Flowers From Algernon
By Gene Wilburn
“What the Net seems to be doing is chipping away my capacity for concentration and contemplation. Whether I’m online or not, my mind now expects to take in information the way the Net distributes it: in a swiftly moving stream of particles. Once I was a scuba diver in the sea of words. Now I zip along the surface like a guy on a Jet Ski” ~ Nicholas Carr, The Shallows: What the Internet is Doing to Our Brains
I grinned recently at a cartoon of an elderly gentleman standing at the base of his stairway wondering if he had just come down the stairs or if he was about to go upstairs to get something. Welcome to my world: the world of cognitive gaps. Mix natural absent-mindedness with an aging brain and daily life becomes an adventure. It’s only through the grace of automated bank withdrawals that I’m still deemed credit worthy.
Sometimes cognitive gaps are embarrassing. About every two years or so I take a plane flight to the US to visit family. I always book an early morning flight and, due to customs protocols, have to arrive at the airport so early the ticket booths aren’t yet open. I’m not a morning person, so these dawn-tinged adventures require Olympic-level efforts from me, and to have it all shattered when the person I present my ticket to says, “Mr. Wilburn, I’m sorry, but your flight is booked for tomorrow,” is disheartening.
What worries me more is that my ability to concentrate on things is lessening. I’ve been living in the fast lane of Information Tech for years and years and despite the tsunami of new “stuff” coming down the pipe all the time, I think it was a kind of specialized narrowcasting of technical information that I had evolved, mentally, to swim in comfortably. I always kept an outside focus on things that interested me, such as books, music, and photography, but my main focus was tech.
Then retirement, and a gradual drift from computer services creator and provider, to computer services user. From techie to user — I’m left with a vague sense of having been demoted. Not that I miss the fast lane. I still write occasional snippets of code, but for the most part I’ve embraced my new overlords and have plugged myself into the Internet, like a bee into the hive mind.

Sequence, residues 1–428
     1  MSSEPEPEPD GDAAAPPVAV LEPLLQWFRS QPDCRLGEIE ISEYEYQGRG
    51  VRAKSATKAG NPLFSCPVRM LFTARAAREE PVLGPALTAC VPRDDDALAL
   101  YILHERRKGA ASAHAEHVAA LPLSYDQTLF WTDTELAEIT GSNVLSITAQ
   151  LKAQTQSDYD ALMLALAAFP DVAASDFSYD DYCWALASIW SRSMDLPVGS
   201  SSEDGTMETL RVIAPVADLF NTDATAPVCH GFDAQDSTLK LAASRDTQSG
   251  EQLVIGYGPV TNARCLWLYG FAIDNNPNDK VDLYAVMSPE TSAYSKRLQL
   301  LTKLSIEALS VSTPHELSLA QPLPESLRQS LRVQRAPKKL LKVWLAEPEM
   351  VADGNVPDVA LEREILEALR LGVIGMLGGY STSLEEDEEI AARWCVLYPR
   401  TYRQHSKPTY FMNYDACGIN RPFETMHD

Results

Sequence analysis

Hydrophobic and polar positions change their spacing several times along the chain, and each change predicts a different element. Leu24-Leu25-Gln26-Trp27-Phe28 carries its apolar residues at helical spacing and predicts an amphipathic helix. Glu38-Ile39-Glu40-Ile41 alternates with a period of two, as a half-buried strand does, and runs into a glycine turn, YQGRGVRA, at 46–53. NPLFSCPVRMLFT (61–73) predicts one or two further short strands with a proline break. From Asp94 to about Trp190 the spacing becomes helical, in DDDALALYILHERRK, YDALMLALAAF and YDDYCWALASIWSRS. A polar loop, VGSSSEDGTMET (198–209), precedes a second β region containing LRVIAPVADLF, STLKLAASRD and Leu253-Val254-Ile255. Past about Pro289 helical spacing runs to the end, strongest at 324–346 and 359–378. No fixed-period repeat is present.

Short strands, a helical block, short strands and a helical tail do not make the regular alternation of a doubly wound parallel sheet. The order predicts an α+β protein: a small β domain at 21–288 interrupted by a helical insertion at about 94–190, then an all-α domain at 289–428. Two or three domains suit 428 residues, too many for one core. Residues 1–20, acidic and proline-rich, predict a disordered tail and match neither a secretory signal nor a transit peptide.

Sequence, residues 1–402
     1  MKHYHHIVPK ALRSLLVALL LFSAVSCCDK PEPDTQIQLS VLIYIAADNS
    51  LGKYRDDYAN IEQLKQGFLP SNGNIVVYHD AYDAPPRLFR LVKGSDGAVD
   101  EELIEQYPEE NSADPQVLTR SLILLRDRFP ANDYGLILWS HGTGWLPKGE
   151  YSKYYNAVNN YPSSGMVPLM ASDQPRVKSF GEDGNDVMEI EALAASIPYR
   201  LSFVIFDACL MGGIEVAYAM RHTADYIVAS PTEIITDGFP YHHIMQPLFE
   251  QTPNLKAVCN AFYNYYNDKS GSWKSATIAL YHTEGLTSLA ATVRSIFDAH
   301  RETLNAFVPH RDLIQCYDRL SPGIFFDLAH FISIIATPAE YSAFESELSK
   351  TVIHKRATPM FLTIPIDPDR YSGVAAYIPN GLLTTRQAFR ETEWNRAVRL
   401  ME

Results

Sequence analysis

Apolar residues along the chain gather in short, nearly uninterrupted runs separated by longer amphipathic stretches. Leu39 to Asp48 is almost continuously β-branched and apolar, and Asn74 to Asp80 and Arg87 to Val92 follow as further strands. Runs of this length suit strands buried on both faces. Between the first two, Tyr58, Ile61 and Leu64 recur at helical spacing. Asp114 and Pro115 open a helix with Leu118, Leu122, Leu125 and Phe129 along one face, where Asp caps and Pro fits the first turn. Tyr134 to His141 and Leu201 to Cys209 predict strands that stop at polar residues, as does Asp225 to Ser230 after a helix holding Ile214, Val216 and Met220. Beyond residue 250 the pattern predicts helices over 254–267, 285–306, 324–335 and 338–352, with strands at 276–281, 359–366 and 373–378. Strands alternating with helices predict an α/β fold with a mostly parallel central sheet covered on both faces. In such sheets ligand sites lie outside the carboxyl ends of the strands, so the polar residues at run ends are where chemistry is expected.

In this world of Facebook, Twitter, Flickr, and other social media and news aggregators, information comes shooting at us as Carr said, “in a swiftly moving stream of particles.” It’s intense. And surely it must have consequences for the brain.
Our brains are wondrously adaptable and able to rewire themselves according to need, and as our needs shifts from deep reading to shallow reading, which they have to do to keep up with all the incoming, our brains compensate, perhaps, by borrowing from our deep-reading skills to adjust to our need to devour info in wide swaths. We adapt to quick, intermittent bursts of concentration rather than long sessions of concentration. In photographic terms, we’ve switched from macro lenses to wide angle.
I greatly admire people, like my wife Marion, who can concentrate on something for hours at a time. As I’m sweeping through the Internet with my net cast wide for nuggets of beauty, humour, and maybe even wisdom, she delves deep into genealogical data searching for clues that might provide links to her family tree. To the point where her hot drink grows cold because she forgets it’s there. I’m no longer capable of that kind of concentration.
It feels like a seismic shift, this dwindling ability to study anything hard and long, and a departure from the past when one sat in a favourite nook with a favourite book, savouring the thoughts and words of a voice from another time or place, perhaps in another language. It’s cutting us off from the past. While some people still read Jane Austen, and a handful read Dickens, there are few left who read translations of Homer or Marcus Aurelius, and fewer still who can read them in Greek or Latin.
The main culprit is the sheer volume of contemporary information we must process to adapt to living in an electronic age. We’re like baleen whales sieving for krill. To be a citizen of the Internet one is required to digest all sorts of facts and factoids and issues about everything under the sun and beyond. It’s enough to drive Southern evangelists to the mythic comfort of the Christian Bible (though even fewer of them appear to enjoy the rolling passages and magisterial tones of the King James translation).
Given that much of contemporary information feels like “a tedious argument of insidious intent,” we need more buffer zones — places or activities that shield us, at least temporarily, from the onslaught. Playing a musical instrument, cooking, drawing, having a picnic, walking in the park, meditating, reading for pleasure – all these things help, as long as you’re not on your cell phone.
Undoubtedly my brain is not as agile as it once was — not that I had any intention to read Spencer’s Faerie Queen — but as we head for what Nicolas Carr calls “the Shallows,” it’s apparent to me that age is not the only factor in my gentle demise. The zeitgeist, or spirit of the times, is reductive. Newsbytes, tweets, and click-bait headlines are conditioning us to view the world kaleidoscopically, reacting with “Oooh” or “Oh no” at each passing spark. And it’s not merely reductive. It’s addictive. It may even work as a form of mind control. Clearly there are implications.